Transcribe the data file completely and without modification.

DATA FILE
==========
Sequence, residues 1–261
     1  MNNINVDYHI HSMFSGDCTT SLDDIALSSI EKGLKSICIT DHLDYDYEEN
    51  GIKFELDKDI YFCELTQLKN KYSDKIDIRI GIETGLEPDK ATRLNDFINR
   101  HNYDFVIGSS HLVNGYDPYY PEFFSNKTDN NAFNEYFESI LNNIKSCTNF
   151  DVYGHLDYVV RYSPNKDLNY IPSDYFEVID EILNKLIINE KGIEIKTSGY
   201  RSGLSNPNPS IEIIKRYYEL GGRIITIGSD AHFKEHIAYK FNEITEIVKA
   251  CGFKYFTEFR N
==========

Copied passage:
Sequence, residues 1–261
     1  MNNINVDYHI HSMFSGDCTT SLDDIALSSI EKGLKSICIT DHLDYDYEEN
    51  GIKFELDKDI YFCELTQLKN KYSDKIDIRI GIETGLEPDK ATRLNDFINR
   101  HNYDFVIGSS HLVNGYDPYY PEFFSNKTDN NAFNEYFESI LNNIKSCTNF
   151  DVYGHLDYVV RYSPNKDLNY IPSDYFEVID EILNKLIINE KGIEIKTSGY
   201  RSGLSNPNPS IEIIKRYYEL GGRIITIGSD AHFKEHIAYK FNEITEIVKA
   251  CGFKYFTEFR N